Drinking problems (and some solutions)

Image by Samir Weres. Some rights reserved.

“It’s unpleasantly like being drunk.” 
 “What’s so unpleasant about being drunk?” 
 “You ask a glass of water.”

― Douglas Adams, The Hitchhikers Guide to the Galaxy

I’ve been thinking a lot about our relationship with alcohol recently. This article in the Economist about alcohol misuse in America particularly peaked my interest.

Between 2006 and 2010, an average of 106,765 Americans died each year from alcohol-related causes such as liver disease, alcohol poisoning and drunk driving — more than twice the number of overdoses from all drugs and more than triple the number of opioid overdoses in 2015.

The trend, particularly among women, minorities and the elderly in America is getting worse.

That’s not good because the health implications of alcohol are, as the article implies, very bad. David Nutt is one of the most interesting scientists in the field and in this programme for the BBC he talks about how alcohol would fare in the current testing regime for drugs were it to be tested for the first time today. His conclusion is that by current standards we would recommend something like one glass of wine a year.

The social implications of alcohol are no less problematic. The total tax take from alcohol is about £11 billion but the costs of policing Friday and Saturday night drinking hotspots is billions alone, not counting the impact of crime on citizens.

At the moment Brits drink more than Americans, but the trend on this side of the Atlantic is in the opposite direction. Each year we’re drinking less.

BGV portfolio company Club Soda’s Mindful Drinking Festivals and have tapped into this brilliantly. There are a whole host of new drinks companies springing up and the established brands are also creating new product lines that cater to people who would rather remember their evenings. It’s interesting to watch the large drinks companies realise they have a problem.

I do drink but I’m also acutely aware that alcohol is a habit and the amount I drink is socially influenced, particularly when it comes to work events. I totted it up and I go to nearly a hundred work-related evening events a year and alcohol is the norm. Although it was a bit awkward for us (as Nesta is one of our investors), I did like Laura from Club Soda’s public return of their New Radical Award. Nesta aren’t the only culprits of this but she’s absolutely right.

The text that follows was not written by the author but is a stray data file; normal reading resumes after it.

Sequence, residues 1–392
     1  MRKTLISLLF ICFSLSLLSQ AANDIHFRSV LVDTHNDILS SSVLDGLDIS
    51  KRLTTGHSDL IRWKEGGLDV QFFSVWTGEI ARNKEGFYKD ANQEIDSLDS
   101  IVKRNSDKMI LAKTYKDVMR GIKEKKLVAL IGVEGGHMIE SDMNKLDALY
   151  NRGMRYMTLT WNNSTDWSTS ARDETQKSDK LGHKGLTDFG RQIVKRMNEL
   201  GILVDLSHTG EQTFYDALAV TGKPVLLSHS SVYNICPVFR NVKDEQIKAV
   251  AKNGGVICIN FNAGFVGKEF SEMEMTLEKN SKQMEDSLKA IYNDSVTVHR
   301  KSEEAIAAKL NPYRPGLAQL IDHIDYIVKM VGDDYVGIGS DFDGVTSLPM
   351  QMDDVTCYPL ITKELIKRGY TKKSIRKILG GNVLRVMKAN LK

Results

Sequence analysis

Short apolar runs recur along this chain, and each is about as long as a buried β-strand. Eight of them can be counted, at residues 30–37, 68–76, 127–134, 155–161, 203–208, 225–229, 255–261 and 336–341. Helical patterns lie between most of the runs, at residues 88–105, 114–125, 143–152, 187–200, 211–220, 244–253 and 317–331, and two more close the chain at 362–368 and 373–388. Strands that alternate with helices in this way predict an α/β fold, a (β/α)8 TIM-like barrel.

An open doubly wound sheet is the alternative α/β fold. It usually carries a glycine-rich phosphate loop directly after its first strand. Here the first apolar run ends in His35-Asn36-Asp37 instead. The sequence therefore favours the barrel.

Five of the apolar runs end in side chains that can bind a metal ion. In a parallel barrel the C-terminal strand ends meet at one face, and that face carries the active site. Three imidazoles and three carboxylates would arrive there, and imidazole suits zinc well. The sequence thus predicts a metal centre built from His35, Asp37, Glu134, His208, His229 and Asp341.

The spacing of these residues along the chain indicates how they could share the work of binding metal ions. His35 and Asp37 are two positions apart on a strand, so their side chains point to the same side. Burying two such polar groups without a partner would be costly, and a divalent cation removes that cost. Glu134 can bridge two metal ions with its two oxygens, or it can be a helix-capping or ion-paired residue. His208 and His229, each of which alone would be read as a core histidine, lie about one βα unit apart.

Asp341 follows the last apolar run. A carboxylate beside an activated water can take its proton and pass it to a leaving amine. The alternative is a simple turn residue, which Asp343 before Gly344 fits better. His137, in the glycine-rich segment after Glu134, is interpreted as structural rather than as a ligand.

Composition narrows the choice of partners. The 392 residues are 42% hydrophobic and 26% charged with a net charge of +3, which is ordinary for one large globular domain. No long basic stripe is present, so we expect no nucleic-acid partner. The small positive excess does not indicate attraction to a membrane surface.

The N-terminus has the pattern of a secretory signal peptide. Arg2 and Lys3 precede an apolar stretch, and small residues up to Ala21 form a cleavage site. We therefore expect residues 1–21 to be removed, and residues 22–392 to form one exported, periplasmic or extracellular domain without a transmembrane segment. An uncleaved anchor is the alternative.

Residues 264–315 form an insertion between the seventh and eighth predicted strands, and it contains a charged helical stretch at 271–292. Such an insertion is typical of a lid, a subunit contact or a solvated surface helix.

While we always make sure there are non-alcoholic alternatives at BGV evening events, we do still assume that some people will want alcohol. Perhaps we shouldn’t. This piece by Bethany Crystal at USV got me thinking — it sounds like a worthwhile challenge to create clear-headed evening events.

Alcohol, health and windswept islands

Alcohol has been on my mind a lot recently. Perhaps it’s the New Year and the media coverage around ‘dry’ January, but I’ve also just read Amy Liptrot’s wonderful book The Outrun which like H is for Hawk combines a story of recovery with a story about nature. In this case it’s the story of Amy’s recovery from alcoholism in her early 30s, via an addiction clinic in east London and returning home to her native Orkney for two years. Aside from making you want to visit strange, beautiful, desolate, windy Orkney it also makes you think about addictions.

Then there’s been the co-ordinated campaign to reduce levels of drinking in the UK that has taken the form of updating the guidance for the amount we should drink. It hasn’t gone down incredibly well because the evidence around exactly what level of alcohol is ‘safe’ is patchy to say the best. Michael Moseley talks through some of the issues here as well. While setting guidelines is part of the equation it’s not the only thing that will change behaviour.

There are some signs that younger people today have a much healthier relationship with alcohol than my generation did in our 20s. But alcohol is one of the three biggest behaviour related causes of death in the UK (the other two being smoking and obesity, predominantly through diabetes) so is an important social issue. One thing we’ve done at BGV is funded Club Soda and they’re doing some amazing things using behavioural science. It’s not just about quitting but also helping you cut down a bit or stick if that’s what you’re looking for. They have a great online community and also run a lot of events which you can find here.

Bottle keep

Another Long Now idea I liked this week was one that Alexander Rose introduced me to called ‘bottle-keep’ which originates in Japan. It’s the opposite of a tab in a bar where you drink for a while and then pay for your drinks at the end. At a bottle-keep bar you buy a bottle of drink (usually whisky) and it’s kept for you for future visits if you don’t finish it on your first go.

We had lunch in the office on Thursday and Ian Kennedy told the story of how on a slightly drunken night out in Tokyo he and a friend had stumbled into a random small bar. When they went to the bar, the owner disappeared out the back and came back with a bottle of whisky with the Ian’s name on it. It turned out that he’d been there 8 years previously with his father and the bar owner recognised him and had gone to find his bottle-keep.

The team at Long Now are planning on using a similar system for the new Long Now Salon which they’re fundraising for at the moment. As Alexander told us, “It turns out that the history of alcohol is pretty much the history of civilisation.” so expect lots of interesting ideas (and drinks) when it opens — hopefully in the not too distant future.